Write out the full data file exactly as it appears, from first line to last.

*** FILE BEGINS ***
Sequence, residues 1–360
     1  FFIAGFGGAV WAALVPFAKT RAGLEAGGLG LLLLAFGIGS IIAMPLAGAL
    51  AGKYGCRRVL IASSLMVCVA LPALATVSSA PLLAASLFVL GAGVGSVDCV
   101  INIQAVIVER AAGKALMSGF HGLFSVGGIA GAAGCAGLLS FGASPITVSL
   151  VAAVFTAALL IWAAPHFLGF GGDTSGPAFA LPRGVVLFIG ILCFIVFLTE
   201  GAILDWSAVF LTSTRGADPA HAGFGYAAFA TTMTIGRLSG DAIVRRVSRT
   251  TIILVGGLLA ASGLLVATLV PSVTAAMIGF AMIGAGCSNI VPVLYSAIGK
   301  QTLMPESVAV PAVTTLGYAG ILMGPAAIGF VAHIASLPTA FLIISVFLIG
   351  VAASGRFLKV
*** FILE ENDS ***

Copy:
Sequence, residues 1–360
     1  FFIAGFGGAV WAALVPFAKT RAGLEAGGLG LLLLAFGIGS IIAMPLAGAL
    51  AGKYGCRRVL IASSLMVCVA LPALATVSSA PLLAASLFVL GAGVGSVDCV
   101  INIQAVIVER AAGKALMSGF HGLFSVGGIA GAAGCAGLLS FGASPITVSL
   151  VAAVFTAALL IWAAPHFLGF GGDTSGPAFA LPRGVVLFIG ILCFIVFLTE
   201  GAILDWSAVF LTSTRGADPA HAGFGYAAFA TTMTIGRLSG DAIVRRVSRT
   251  TIILVGGLLA ASGLLVATLV PSVTAAMIGF AMIGAGCSNI VPVLYSAIGK
   301  QTLMPESVAV PAVTTLGYAG ILMGPAAIGF VAHIASLPTA FLIISVFLIG
   351  VAASGRFLKV